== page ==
× COVID-19 Updates: View the latest information from UI Health.

Call Us 866.600.CARE


Chronic Hepatitis

Hepatitis is an inflammatory condition of the liver. There are a variety of causes of hepatitis and multiple forms of the condition-hepatitis A, B, C, D, and E. Within those types of hepatitis, the condition is defined even further by whether it is acute hepatitis or chronic hepatitis.
 
Acute hepatitis means that the infection is new, while chronic hepatitis is diagnosed if a person's body is unable to rid itself of the virus after six months. The Department of Health & Human Services estimates more than 4 million people in the United States have chronic hepatitis - either hepatitis B or hepatitis C.

Over time, those infected with hepatitis can experience a full range of negative health effects due to elevated liver enzymes, including both liver damage and liver failure. If your physician believes you have chronic hepatitis B or C, you will be tested for hepatitis, typically using blood tests, imaging and/or a liver biopsy. 

Chronic Hepatitis B Symptoms and Treatment

Hepatitis B is a liver infection caused by the hepatitis B virus, which is transmitted through bodily fluids, including blood and semen. Those who have sexual contact with an infected partner or who share needles or medical equipment with someone who is infected are at a higher risk. Infants with an infected mother also are at an increased risk for hepatitis B. Symptoms of hepatitis B may include:

  • Abdominal or joint pain
  • Abnormally colored bowel movements
  • Dark-colored urine
  • Excess fatigue
  • Fever
  • Jaundice (a yellowing of the skin or the eyes)
  • Loss of appetite
  • Nausea and/or vomiting  

For those with chronic hepatitis B, symptoms may dissipate or disappear altogether for months or even years. Patients who have chronic hepatitis B are monitored regularly for symptoms related to liver disease and may receive treatment including medication therapy.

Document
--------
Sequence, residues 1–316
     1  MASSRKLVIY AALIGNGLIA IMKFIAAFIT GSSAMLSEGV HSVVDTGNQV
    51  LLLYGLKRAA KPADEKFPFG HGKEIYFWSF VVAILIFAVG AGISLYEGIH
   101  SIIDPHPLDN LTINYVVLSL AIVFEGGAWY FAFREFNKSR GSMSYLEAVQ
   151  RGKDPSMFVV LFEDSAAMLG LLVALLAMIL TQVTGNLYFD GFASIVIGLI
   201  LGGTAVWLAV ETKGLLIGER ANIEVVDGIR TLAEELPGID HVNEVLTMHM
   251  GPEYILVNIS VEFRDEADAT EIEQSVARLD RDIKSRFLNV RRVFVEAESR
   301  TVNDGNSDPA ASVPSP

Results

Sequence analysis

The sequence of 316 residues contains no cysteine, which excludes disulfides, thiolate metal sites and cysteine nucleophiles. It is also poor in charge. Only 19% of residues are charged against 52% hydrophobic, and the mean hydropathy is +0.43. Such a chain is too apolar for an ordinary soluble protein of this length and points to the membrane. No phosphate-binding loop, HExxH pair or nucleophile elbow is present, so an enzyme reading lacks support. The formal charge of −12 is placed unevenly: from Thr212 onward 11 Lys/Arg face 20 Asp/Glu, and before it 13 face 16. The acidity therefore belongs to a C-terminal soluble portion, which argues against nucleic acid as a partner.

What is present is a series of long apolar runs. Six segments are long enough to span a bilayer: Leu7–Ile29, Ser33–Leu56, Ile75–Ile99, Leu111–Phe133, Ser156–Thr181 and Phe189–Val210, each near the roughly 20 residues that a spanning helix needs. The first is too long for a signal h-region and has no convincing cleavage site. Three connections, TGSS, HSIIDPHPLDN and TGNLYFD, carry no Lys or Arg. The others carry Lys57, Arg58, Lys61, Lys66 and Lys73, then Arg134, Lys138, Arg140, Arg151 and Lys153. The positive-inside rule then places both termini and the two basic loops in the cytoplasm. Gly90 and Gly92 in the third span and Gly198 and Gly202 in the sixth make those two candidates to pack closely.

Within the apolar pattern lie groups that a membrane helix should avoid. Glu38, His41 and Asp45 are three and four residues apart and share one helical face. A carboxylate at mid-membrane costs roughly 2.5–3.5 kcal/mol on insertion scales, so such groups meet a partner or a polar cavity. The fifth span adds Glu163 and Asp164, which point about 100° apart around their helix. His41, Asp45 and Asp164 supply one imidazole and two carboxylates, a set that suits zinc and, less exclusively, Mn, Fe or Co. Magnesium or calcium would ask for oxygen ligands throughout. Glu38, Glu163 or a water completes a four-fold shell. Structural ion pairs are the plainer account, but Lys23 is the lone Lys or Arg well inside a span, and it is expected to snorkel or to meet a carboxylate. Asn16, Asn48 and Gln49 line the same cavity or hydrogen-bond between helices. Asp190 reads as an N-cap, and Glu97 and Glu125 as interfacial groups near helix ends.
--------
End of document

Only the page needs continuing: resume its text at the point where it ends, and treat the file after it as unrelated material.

Chronic Hepatitis C Symptoms and Treatment

Hepatitis C is a liver infection caused by the hepatitis C virus, which is a bloodborne virus. Infants born to infected mothers are at a high risk of developing the condition, as are people who share needles or medical equipment. 

Up to 85% of those diagnosed with hepatitis C develop chronic infection, which can result in serious health issues. 

In many cases, those who are exposed to hepatitis C may not develop symptoms or will develop only mild symptoms. Symptoms of the condition are similar to those of hepatitis B but may also include chronic fatigue and depression. 

Over time, the condition may cause chronic liver disease, which can lead to cirrhosis and/or liver cancer. Someone with chronic hepatitis C typically receives medication therapy, which often includes an eight- to 12-week course of an antiviral medication that can cure the condition.